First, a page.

ALIAS JESSE JAMES
US, 1959, 90 minutes, Colour.
Bob Hope, Rhonda Fleming, Wendell Corey.
Directed by Norman Z. Mc Leod.
Alias Jesse James comes from a very successful period in Bob Hope’s film career. After emerging as a comedian in the 1930s, he made a number of very popular comedies in the 1940s and teamed with Bing Crosby in the Road series. In the 1950s he also made a successful range of comedies. Later, while still in films, he moved to television.
At this stage Bob Hope was fifty-five. However, he appeared younger and stronger. Important for his films were the wisecracks and his timing – and there are plenty of these in this film (although the timing is a bit slow for later tastes).
Usually he is the rather weaker heroic figure – and this time he is an unsuccessful insurance salesman. However, when he sells a policy to Jesse James who has plans to rob the firm, he goes west in order to protect him. Actually, at the end of this film, he wins the girl, played by Rhonda Fleming.
There are the expected comedy pieces, the spoof of the western. This is particularly true at the end when in the shoot-out, he thinks he has killed all Jesse James’s men but we get glimpses of a whole range of television and film stars of the time doing the shooting for him. These include Gary Cooper and Fess Parker as Daniel Boone – culminating in Bing Crosby. An enjoyable example of Bob Hope comedy.
1.The popularity of Bob Hope in the 1950s? His screen persona? The weak hero, making good? Mistakes? Winning the heroine?
2.The prologue, New York City in the 1950s, the insurance firms – and the parody of the travelogue with the reference to the history of insurance firms? Going back to the 1880s?
3.The insurance firm, Plymouth Rock? Mr Queasy and his attitude towards his salesmen, reading the charts, praising them, finding Milford Farnsworth as failing? Sacking him? His later change when Milford signed up Jesse James? The newspaper headlines? Sending Farnsworth to protect Jesse James? On the train being robbed? At the end and Farnsworth’s future?
4.Bob Hope as Milford Farnsworth, failure, resilient? Sacked? Talking in the bar, incessantly? Meeting Jesse James, signing him up, the triumph with Mr Queasy? Being sent west, robbed on the train by Jesse James, his watch? Jesse later giving it to him as a gift? His arrival in the town, the people setting him up, the card game and the goat chewing the cards, taking his clothes, rushing through Cora Lee’s room? Being saved by Jesse? His being the target of Jesse’s scam? Attracted towards Cora Lee, singing with her at the meal? In her room? Jesse’s friendship, the warnings about Cora Lee? The robbing of the train, Milford having to take part, robbing Mr Queasy? Being shot at – and his escaping, riding the cow home, wearing Jesse’s armour? The plan then to ambush him and shoot him, the Indian girl and the rescue? His final confrontation with Jesse and the gang, helped by Cora Lee, the cowboys helping him? The wedding, his abduction of the minister, putting the mushrooms in the punch, the failure of his disguise as the minister? The final happy ending, back in New York, the big family? A genial Bob Hope character?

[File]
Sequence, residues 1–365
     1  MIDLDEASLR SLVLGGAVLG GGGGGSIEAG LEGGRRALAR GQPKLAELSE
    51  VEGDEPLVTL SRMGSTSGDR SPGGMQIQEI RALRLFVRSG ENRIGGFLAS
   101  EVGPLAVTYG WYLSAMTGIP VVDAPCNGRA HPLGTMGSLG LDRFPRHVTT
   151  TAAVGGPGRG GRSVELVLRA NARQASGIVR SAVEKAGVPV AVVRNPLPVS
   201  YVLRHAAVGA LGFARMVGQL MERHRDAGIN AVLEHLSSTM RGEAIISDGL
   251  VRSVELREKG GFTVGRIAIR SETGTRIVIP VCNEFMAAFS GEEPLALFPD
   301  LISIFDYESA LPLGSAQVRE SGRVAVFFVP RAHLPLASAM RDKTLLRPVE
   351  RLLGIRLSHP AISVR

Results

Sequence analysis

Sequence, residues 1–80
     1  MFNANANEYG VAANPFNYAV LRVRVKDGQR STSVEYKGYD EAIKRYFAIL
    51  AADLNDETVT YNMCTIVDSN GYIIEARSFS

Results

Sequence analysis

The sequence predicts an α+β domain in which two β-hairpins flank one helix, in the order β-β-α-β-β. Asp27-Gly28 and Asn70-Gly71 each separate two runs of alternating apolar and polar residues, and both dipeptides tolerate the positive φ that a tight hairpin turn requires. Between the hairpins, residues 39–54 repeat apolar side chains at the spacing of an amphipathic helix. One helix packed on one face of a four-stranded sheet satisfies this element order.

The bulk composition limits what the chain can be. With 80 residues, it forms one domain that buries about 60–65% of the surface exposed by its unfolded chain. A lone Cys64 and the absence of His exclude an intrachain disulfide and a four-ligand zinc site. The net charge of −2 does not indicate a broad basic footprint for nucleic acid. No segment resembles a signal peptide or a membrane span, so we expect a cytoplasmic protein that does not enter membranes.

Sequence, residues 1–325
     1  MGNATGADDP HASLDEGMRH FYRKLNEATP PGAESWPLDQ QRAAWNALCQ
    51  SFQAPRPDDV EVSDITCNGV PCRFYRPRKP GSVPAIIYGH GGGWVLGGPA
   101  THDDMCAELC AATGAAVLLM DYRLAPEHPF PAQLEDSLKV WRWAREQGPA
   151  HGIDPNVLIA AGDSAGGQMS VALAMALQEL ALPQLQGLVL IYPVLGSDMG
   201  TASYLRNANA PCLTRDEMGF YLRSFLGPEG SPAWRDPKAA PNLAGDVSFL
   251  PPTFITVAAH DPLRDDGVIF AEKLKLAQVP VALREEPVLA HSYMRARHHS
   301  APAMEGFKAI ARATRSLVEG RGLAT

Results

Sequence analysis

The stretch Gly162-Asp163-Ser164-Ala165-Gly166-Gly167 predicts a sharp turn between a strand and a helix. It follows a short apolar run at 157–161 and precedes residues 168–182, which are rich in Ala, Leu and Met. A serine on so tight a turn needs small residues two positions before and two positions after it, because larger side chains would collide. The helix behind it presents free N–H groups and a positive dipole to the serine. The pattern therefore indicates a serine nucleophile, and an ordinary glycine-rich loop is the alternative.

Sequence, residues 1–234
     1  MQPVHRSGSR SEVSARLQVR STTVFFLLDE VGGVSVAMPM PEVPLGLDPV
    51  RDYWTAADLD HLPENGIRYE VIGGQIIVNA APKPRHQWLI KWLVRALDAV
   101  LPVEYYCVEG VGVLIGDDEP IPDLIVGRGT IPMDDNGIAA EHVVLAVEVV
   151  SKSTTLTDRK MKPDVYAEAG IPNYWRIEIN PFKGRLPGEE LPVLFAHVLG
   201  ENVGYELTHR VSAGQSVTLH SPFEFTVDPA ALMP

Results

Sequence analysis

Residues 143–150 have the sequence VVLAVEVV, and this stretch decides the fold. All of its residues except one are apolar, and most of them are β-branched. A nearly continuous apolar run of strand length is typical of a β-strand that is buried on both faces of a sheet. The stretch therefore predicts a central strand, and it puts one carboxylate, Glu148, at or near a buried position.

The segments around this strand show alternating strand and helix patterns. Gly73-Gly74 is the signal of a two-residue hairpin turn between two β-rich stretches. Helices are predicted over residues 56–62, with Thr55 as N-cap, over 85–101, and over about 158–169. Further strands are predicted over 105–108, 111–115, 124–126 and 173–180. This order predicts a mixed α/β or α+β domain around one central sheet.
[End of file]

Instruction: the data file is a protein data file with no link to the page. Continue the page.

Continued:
5.Jesse James and his reputation, in New York, listening to Milford, taking the policy? His plan? On the train, the robbery? Taking Milford in, his mother and her care for her son, over-mothering him? Taking Milford for the robbery, intending to kill him? His turning up at the wedding, the mushrooms in the punch? The shoot-out? The play on the historic character?
6.Cora Lee, singing in the saloon, her room, the encounter with Milford, not wanting to marry Jesse James, helping Milford, warning him about the ambush, the wedding ceremony, helping him with the shooting? The happy ending and the family?
7.The men of the west, in fear of Jesse James, the telegraph operator, the saloon, the gamblers? Jesse’s gang?
8.Mrs James, keeping house, fussing over Jesse, her amoral attitude towards his plans?
9.The popularity of westerns – and spoof on westerns?